Physician hopes better health blossoms with plant-based menu at UF Health Shands
By Veronika Vernachio
Growing up with meat and potatoes always on his plate, Robert Capozzi never had much use for a plant-based diet.
However, his physician, Monica Aggarwal, M.D., FACC, knew it was time for him to learn about it based on his health issues. When Aggarwal started seeing Capozzi after his triple-bypass surgery in the beginning of 2018, she introduced him to the new plant-based menu at UF Health Shands.
“So much of the time we are focused on giving people medicines after they become seriously ill,” said Aggarwal, director of integrative cardiology
and prevention in the UF College of Medicine. “Treatment of patients unfortunately is primarily focused on treatment with medications. We are
trying to change the focus to lifestyle changes, which includes diet and exercise.”
This is why Aggarwal came to the University of Florida about a year and half ago. She wanted to build a program to teach patients, students and
caregivers how to eat healthier, to help lower their risks of contracting a chronic illness.
“We began conceptualizing the menu with Dr. Aggarwal in the fall of 2017,” said Lara Zamajtuk, UF Health Shands associate vice president of
operations. “Gathering a team of hospital dietitians and nutrition experts, along with our senior executive chef, we created a menu that offers
healthy food options that are plant-based.”
The team experimented with meals high in lentils, fruits, vegetables, beans and whole grains and eventually scheduled tastings with hospital staff.
“We created entrees that looked and smelled appealing,” said Andrew Hennis, senior director of UF Health Shands Food and Nutrition Services.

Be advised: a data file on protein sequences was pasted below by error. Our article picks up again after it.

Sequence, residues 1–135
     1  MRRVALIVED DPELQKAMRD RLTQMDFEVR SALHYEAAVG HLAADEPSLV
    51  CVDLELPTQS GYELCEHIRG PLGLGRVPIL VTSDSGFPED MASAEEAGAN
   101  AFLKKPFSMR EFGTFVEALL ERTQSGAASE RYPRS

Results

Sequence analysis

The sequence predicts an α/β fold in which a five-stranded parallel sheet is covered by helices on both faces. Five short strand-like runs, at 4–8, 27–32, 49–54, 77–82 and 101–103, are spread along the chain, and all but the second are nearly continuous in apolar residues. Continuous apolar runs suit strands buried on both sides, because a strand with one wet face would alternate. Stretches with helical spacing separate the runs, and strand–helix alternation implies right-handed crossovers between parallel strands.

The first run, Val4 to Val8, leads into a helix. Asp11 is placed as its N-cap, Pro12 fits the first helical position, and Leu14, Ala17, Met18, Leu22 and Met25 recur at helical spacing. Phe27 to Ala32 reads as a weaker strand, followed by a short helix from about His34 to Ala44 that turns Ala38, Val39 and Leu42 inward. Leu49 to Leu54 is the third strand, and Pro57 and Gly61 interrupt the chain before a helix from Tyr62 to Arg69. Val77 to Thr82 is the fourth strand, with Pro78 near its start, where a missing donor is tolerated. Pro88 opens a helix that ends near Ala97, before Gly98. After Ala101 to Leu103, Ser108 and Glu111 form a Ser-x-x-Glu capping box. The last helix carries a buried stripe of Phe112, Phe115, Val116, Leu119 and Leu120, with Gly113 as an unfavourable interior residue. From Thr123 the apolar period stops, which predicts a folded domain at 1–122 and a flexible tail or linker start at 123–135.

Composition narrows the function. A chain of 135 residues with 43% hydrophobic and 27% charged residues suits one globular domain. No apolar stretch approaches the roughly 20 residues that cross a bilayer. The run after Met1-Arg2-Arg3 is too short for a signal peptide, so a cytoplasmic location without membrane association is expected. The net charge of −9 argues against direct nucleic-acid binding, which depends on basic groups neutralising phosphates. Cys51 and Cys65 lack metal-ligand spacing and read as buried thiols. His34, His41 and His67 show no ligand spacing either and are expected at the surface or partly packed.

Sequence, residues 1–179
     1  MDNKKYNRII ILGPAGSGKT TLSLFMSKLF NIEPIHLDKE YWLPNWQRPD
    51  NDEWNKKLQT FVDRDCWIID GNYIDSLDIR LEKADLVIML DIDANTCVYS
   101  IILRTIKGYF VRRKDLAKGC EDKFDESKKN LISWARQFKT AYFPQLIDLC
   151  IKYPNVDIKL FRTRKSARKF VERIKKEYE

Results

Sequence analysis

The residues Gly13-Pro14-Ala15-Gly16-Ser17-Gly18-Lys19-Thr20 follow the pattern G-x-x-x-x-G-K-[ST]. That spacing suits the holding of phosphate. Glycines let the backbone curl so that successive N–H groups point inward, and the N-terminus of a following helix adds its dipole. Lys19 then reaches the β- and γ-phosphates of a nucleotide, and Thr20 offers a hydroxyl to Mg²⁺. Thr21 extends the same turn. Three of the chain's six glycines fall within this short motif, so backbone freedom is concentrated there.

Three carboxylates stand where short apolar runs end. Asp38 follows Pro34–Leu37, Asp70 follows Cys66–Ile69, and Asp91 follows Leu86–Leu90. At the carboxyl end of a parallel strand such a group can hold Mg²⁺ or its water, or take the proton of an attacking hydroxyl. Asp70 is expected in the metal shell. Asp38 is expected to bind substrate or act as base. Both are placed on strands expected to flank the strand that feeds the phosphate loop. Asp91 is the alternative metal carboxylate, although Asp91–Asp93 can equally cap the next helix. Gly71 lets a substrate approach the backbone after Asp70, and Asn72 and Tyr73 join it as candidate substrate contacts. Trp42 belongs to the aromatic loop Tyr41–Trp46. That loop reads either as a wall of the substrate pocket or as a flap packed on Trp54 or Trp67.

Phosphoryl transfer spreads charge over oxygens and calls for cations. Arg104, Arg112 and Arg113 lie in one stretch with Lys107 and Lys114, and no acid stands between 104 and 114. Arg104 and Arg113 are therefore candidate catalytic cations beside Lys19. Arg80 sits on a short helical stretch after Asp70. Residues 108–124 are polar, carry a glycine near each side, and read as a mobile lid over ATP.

“We had to overcome people’s resistance to trying them. If people feel satisfied after finishing a delicious, healthy meal, they may change what
The new menu includes entrees like lentil bolognese over pasta and chickpea potato coconut curry and was first made available to patients in
the UF Health Heart & Vascular Hospital. The goal is to expand the menus to other facilities in the future.
In addition to black bean burgers, tofu vegetable stir fry and oatmeal, patients also will find the American Heart Association’s recommended
daily servings of fruits and vegetables. Aggarwal hopes the new menu will help her cardiac and vascular patients because eating these foods puts
them on a path to lowering their risk of heart disease.
“When a patient comes into the hospital and they have chest pain, for instance, they’re told that they’ve had a heart attack and they get stents
put in their heart and usually they get a list of medication,” Aggarwal said.
Her goal is to broaden the conversation to: “Sir/Ma’am, you’ve had a heart attack, but don’t worry, we’ve got you. We’re going to show you
some of the foods we want you to eat, so you can start incorporating some of those foods into your diet at home, and teach you how eating
the right foods can make you feel better. We are going to give you tools so you can work on healing yourself.”
Capozzi, 58, of Hawthorne, Florida, said the menu was an adjustment, but he said the change has been worth it. “I’ve been holding extremely
true to the diet,’’ he said, “and most people can’t believe (my health) has changed that much.”
Capozzi said his bloodwork has been coming back good and he is off the medication he was originally taking. Aggarwal told him that he can
have treats, but Capozzi is using this plant-based diet as a way to lose weight, so he is sticking to it completely.
“One of the neatest things (Aggarwal) said to me was, ‘If you eat my diet, I don’t care what your weight is,’ ” Capozzi said.
Menu items are being rolled out to hospital visitors and staff but the entire menu is available to patients in the UF Health Shands system.
They’ve been using it for several months, and Aggarwal said the reaction has been good.
“People say things like, ‘Wow, I really didn’t expect that eating plants would taste so good,’ ” she said.